History and Geography??“the Foundations of Culture

History helps define a nation’s “mission,” how t perceives Its neighbors, how It sees its place In the world, and how It sees itself. The history of a country is important in understanding many aspects of a culture. One cannot fully understand how businesspeople negotiate, how they conduct business, their attitudes toward foreign investment, the legal system, and other aspects of the market/business system without a historical perspective. A historical perspective helps prepare an International marketer for many of the cultural differences that often cause misunderstandings and In many cases, mistakes.
While a racketeer may not be able to change a person’s attitude or behavior, if you have an historical perspective of why they react as they do, you can gain insights that can possibly make it easier to adapt your strategies for a successful outcome. To understand, explain, and appreciate a people’s image of itself and the attitudes and unconscious fears that reflected In its view of foreign cultures, it is necessary to study the culture as It Is now as well as to understand the culture as It was-?that is, a country’s history.
Loyalty to family, to country, to company, and to social groups and he strong drive to cooperate, to work together for a common cause, permeate many facets of Japanese behavior and have historical roots that date back thousands of years. To understand, explain, and appreciate a people’s image of itself and the fundamental attitudes and unconscious fears that are often reflected in its view of foreign cultures, it is necessary to study the culture as it is now as well as to understand culture as It was, that Is, a country’s history.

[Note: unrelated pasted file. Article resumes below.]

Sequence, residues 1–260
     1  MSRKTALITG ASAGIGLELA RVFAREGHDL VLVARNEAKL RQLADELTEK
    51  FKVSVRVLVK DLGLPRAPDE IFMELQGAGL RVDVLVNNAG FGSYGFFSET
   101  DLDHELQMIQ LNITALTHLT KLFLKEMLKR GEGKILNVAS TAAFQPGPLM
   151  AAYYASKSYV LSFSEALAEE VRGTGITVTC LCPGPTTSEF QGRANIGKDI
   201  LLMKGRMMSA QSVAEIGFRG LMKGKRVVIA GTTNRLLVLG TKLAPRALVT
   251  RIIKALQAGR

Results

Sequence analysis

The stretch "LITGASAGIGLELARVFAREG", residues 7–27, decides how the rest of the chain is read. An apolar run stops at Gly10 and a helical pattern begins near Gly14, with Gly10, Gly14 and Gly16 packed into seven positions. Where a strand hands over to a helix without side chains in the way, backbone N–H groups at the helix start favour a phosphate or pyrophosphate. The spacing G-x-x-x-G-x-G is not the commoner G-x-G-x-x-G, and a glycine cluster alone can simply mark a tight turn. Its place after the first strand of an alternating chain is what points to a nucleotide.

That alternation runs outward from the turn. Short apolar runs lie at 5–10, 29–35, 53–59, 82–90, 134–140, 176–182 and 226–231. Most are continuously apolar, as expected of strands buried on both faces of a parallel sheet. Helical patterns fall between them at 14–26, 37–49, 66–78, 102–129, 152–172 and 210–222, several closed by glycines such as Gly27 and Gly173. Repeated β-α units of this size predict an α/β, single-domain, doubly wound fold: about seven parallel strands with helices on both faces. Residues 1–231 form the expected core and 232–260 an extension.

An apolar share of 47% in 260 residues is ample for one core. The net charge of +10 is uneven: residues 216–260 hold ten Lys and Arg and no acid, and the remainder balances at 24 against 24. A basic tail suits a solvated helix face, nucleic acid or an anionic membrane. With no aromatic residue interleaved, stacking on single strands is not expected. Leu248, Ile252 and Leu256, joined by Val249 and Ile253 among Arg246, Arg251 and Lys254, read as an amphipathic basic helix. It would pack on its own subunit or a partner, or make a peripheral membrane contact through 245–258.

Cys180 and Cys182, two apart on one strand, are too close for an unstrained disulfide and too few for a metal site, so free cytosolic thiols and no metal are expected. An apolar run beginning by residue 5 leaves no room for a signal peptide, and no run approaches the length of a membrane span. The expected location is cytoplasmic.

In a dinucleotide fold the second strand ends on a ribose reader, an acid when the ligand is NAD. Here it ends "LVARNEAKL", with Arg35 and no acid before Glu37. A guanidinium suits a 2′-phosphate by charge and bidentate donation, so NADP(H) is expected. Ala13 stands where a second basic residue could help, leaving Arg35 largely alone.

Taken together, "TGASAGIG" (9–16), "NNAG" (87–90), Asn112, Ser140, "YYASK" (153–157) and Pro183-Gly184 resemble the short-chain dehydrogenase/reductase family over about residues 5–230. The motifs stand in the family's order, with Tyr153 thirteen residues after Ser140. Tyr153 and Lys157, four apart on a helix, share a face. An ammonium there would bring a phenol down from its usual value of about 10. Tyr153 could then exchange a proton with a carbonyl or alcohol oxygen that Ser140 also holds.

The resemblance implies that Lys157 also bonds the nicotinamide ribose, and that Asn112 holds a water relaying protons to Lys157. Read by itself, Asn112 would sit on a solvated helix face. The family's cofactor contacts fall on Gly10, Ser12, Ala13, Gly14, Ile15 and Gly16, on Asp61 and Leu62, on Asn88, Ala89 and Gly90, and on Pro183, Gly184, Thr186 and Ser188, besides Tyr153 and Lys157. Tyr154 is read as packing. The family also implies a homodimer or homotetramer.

An awareness of the history of a country Is particularly effective for understanding attitudes about the role of overspent and business, the relations between managers and the managed, the sources of management authority, and attitudes toward foreign Mac’s. History is what helps define a nation’s “mission,” how it perceives its neighbors, and how it sees its place in the world. To understand a country’s attitudes, prejudices, and fears it is necessary to look beyond the surface or current events to the Inner refinement of the country’s entire past for clues.
Geography Is a study of the physical characteristics of a particular region of the earth. Involved in this study are climate, topography, and population. The interaction of the physical characteristics is one of the principal determinants of a country’s customs, products, industries, needs, and methods of satisfying those needs. Marketing is concerned with satisfying the needs of people. International marketing seeks out the whole world as its marketplace.